Speaking Of Speech – Speech Therapy for Toddlers
As parents, we watch our children grow and develop with amazement and pride. Their first smile, first bite of real food, first steps, and first words. But what if those first words don’t come? Or what if your child isn’t talking as much as you think he/she should?
What is considered typical speech development and normal social development in children?
Child and baby development chart for language:
At 12 months, does your child:
- Follow simple one-step directions?
- Consistently use three to five words?
- Use gestures to communicate (waves hi/bye, shakes head for no)?
- Get your attention using sounds, gestures and pointing while looking at your eyes?
- Bring you toys to show you?
- Combine lots of sounds together as though talking (badah mada adeh)?
At 18 months, does your child:
- Use at least 10 words?
- Respond to routine questions such as “where is the dog”?
- Follow simple one-step instructions such as, “give me the ball”?
At 2 years of age, does your child:
- Use at least 50 words? Combine words in two-word phrases?
- Point to the correct picture when asked?
- Follow two-step instructions such as, “go upstairs and bring me your doll”?
At 3 years of age, does your child:
- Use at least 500 words? Combine words into three-word phrases?
- Understand concepts such as big/little, in/on/under?
- Ask why questions?
- Are people outside of the family able to understand your child?
Speech Therapy for Kids. What does it look like?
If you are concerned about your child’s speech and language development, consider getting assessment by a Speech Therapist. To make a speech therapy appointment for your toddler, simply pick up the phone and call your local Government funded Preschool Program and at least get on the waiting list. In the meantime, if you have extended health benefits or can afford private therapy, consider getting an assessment done by a private Speech Therapist. You can typically get an appointment within a week or two. The assessment won’t hurt your child and better yet, he/she will likely have a lot of fun. The assessment consists of english learning games, the therapist asking you about your child’s first few years of life, playing with your child and “testing” your child by having him/her point to various pictures/items, label various items and follow simple directions. The therapist will answer any questions you have during this initial meeting and give you suggestions on how to help facilitate speech and language development.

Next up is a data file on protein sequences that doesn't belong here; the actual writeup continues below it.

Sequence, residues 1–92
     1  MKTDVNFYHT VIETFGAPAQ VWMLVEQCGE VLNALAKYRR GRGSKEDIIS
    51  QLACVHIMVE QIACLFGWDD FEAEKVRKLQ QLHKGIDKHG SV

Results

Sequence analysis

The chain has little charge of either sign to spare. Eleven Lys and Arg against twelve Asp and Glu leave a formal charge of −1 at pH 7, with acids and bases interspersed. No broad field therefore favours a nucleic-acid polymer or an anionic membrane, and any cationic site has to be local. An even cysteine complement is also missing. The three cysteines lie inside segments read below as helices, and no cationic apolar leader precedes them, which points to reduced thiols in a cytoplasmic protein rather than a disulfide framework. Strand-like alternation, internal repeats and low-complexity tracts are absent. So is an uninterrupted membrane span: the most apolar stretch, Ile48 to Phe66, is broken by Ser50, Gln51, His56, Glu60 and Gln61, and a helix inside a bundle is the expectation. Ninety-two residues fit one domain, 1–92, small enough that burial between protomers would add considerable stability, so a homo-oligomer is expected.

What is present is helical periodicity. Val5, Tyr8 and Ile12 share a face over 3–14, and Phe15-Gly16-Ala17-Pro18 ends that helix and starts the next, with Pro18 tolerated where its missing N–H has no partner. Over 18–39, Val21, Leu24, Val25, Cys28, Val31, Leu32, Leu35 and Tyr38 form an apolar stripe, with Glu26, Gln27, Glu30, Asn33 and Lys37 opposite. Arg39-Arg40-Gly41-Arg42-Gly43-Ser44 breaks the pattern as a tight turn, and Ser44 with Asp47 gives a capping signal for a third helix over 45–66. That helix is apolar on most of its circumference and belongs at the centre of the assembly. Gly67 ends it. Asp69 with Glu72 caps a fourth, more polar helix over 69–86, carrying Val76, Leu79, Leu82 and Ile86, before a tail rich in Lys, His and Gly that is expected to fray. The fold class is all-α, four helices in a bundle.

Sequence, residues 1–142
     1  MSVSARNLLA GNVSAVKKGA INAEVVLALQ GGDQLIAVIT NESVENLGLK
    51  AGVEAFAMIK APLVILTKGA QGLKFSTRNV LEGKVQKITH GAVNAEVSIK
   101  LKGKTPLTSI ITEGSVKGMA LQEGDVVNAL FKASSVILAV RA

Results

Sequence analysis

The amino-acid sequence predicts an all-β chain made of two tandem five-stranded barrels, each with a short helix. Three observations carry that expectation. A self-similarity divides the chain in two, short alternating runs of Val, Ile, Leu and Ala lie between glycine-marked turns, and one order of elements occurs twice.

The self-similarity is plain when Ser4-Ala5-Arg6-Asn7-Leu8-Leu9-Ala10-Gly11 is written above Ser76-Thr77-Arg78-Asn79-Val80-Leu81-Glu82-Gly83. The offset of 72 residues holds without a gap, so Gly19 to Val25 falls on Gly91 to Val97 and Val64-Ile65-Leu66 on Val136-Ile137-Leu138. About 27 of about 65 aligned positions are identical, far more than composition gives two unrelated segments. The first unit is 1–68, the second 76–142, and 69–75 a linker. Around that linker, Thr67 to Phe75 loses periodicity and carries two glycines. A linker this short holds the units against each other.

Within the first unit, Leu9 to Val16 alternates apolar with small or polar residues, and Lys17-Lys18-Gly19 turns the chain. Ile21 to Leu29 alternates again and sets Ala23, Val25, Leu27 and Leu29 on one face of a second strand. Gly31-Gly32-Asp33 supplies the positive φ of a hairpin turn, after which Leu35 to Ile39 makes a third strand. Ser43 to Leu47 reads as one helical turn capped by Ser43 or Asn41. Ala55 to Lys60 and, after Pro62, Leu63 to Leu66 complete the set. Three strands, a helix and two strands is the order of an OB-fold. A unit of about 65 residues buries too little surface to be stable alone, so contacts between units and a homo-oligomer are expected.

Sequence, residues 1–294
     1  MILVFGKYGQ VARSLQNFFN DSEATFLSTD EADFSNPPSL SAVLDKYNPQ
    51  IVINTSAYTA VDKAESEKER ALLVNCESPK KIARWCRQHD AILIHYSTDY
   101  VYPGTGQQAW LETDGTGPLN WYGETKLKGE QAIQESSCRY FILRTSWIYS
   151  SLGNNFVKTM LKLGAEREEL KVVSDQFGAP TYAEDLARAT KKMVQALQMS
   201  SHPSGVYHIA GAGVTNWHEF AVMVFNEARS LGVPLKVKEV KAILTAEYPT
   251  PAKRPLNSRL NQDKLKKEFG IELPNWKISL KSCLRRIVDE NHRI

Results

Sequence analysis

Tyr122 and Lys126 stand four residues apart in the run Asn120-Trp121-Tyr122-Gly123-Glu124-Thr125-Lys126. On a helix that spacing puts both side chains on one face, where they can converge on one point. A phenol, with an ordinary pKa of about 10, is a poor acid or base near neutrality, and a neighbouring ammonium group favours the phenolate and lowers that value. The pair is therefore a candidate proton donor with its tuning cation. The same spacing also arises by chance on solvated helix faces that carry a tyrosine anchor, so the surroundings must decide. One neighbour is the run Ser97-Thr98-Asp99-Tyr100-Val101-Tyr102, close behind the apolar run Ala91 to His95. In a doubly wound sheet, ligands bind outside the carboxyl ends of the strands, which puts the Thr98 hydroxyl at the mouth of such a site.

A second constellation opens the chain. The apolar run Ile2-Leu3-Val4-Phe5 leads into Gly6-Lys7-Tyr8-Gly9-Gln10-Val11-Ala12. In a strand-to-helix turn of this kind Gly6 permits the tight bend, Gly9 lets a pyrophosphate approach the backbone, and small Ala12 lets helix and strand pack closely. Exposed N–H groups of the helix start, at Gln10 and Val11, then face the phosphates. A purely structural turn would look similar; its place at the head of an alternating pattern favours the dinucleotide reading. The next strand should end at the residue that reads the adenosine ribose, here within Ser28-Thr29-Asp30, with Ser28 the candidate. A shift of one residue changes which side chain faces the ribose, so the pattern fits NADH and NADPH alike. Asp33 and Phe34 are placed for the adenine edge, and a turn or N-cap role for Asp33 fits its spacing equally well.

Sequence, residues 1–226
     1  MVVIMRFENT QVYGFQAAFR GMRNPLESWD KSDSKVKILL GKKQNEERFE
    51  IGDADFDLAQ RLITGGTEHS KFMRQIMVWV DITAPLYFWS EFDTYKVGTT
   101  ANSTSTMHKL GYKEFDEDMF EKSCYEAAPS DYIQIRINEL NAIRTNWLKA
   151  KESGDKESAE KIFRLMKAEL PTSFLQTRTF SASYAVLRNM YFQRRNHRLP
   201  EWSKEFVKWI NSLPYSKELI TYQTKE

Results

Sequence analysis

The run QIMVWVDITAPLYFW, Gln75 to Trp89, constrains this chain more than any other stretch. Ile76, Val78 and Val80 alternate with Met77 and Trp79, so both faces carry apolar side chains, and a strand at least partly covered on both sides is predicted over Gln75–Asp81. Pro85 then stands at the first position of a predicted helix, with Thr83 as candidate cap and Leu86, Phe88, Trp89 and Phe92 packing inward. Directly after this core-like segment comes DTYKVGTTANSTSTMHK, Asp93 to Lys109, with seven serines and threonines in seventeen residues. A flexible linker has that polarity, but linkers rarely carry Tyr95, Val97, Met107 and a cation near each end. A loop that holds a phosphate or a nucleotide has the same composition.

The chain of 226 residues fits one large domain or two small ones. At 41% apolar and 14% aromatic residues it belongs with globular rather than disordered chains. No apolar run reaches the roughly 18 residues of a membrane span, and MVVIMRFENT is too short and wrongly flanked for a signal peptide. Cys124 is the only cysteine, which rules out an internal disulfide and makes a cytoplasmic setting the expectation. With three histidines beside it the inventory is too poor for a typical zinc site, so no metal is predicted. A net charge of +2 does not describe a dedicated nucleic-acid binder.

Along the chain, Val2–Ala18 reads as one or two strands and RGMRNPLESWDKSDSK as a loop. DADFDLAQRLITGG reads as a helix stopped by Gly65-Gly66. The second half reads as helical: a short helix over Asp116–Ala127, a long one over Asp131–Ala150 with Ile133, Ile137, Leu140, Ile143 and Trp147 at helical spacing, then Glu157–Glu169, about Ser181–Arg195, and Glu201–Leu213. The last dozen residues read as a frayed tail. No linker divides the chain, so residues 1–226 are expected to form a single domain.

Speech therapy for kids is so important as early intervention has the greatest success. So, if you are even questioning your toddler’s speech and language development, pick up the phone and set an appointment date. You can always change your mind if your child makes huge improvements in the coming weeks!
Want some speech therapy game ideas?
Outdoor play to stimulate speech development?